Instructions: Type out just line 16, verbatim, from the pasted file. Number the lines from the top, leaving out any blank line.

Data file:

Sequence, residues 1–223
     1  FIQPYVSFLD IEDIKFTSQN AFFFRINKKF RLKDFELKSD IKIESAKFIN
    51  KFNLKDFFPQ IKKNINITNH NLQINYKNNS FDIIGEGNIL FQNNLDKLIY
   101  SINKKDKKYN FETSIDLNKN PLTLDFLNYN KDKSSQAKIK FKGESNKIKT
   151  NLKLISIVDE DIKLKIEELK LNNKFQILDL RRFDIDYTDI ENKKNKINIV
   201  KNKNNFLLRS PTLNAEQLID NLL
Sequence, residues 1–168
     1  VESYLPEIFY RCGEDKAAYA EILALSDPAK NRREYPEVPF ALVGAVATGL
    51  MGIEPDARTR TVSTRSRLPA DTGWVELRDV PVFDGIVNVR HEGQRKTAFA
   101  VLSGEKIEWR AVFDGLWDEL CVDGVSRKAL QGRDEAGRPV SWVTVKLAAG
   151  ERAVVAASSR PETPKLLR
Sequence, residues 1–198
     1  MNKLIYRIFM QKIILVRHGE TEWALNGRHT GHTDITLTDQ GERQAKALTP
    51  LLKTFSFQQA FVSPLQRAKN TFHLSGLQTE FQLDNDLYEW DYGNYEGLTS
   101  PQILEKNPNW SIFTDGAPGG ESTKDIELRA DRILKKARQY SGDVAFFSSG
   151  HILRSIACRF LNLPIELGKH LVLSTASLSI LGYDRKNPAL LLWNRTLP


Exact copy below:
   151  HILRSIACRF LNLPIELGKH LVLSTASLSI LGYDRKNPAL LLWNRTLP